Another shared by Theodora Goss:
"The work evolves on its own rather than with the author's intentions, but is always monitored by the critical eye of the writer. What is so difficult about this process is that one must keep the mind focused on two contradictory goals: not to miss the messages whispered by the unconscious and at the same time force it into a suitable form. The first requires openness, the second critical judgment. If these two processes are not kept in constant shifting balance, the flow of writing dries up. After a few hours the tremendous concentration required for this balancing act becomes so exhausting that the writer has to change gears and focus on something else, something mundane. But while it lasts, creative writing is the next best thing to having a world of one's own in which what's wrong with the 'real' world can be set right." --Mihaly Csikszentmihalyi, Creativity
#amwriting What's described here is happening with my Dark Victorian short story, The Vesta, right now. I think because the work is within even more finite requirements, I'm more aware of this process (and am really glad it's been defined; I'm hardly articulate enough to describe what is happening except to be vague and mystical---which is annoying). Now it's been a week, I'm at 5K+ words (with a 10K limit, but if I go over, it's still beneficial; I can publish it on my own if I and my people can't cut it down). Despite trying to 'speed-write' for the sake of efficiency, discipline, and getting directly to the heart of the story, I'm still critical. I'll see what happens with the next novel, but I'm thinking this just may be my process. The outline gets laid down fairly quickly, but once I'm in there, I need to shape it towards what's important and everything spirals from there (and that's not a terribly fast process, nor dirty).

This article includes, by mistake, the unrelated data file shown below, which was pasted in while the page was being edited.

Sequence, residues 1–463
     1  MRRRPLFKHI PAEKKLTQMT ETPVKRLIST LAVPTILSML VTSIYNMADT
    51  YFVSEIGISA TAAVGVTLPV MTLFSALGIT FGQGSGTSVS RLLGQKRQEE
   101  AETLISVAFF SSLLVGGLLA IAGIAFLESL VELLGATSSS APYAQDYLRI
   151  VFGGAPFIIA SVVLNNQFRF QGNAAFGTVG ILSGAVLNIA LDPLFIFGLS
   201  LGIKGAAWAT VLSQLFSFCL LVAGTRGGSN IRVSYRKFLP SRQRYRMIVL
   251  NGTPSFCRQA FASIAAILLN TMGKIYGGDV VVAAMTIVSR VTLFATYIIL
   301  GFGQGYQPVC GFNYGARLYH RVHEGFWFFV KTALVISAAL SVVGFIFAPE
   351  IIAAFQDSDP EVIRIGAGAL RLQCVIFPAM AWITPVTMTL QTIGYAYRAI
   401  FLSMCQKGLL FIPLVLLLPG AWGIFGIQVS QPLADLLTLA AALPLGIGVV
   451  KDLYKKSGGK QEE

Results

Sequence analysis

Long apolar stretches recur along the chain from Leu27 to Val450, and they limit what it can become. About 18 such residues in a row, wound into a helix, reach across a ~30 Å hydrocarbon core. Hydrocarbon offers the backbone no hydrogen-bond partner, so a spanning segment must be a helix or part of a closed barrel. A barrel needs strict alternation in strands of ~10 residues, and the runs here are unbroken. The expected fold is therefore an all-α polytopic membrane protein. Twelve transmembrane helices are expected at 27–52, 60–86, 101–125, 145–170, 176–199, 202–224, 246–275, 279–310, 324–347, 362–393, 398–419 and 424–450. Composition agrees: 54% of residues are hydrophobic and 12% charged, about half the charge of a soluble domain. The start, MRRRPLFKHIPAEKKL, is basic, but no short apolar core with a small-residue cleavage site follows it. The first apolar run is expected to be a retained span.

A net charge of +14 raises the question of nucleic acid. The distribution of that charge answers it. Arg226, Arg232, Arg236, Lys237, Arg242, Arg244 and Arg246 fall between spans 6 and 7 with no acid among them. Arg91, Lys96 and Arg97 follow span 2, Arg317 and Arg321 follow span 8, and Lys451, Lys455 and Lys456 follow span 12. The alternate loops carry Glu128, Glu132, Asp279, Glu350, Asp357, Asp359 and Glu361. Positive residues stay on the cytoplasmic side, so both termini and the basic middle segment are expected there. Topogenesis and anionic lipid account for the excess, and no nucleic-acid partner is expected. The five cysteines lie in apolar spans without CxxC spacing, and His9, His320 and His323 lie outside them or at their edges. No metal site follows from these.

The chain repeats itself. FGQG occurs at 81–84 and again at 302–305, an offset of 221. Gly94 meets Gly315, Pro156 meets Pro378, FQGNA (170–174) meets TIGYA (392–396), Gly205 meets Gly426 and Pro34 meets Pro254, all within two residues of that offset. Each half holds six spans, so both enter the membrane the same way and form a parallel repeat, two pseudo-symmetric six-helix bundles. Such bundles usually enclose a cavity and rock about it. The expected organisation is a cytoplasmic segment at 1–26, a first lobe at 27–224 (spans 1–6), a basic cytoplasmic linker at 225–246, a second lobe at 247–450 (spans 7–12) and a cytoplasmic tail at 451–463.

I'm glad to finally have an excuse to try a short though I've my fears; there are beautiful, elegant ways of delivering this particular form and I hardly think I've achieved it this time around, but 'tis a story, nonetheless. In other news, who is continuing the formatting of the Charm School digital comics and the print graphic albums? Bueller? Bueller? ;)
I am up to no. 3 of the Charm School digital comics. Six more to go, and no. 10 needs to be drawn!
all the best, ~eee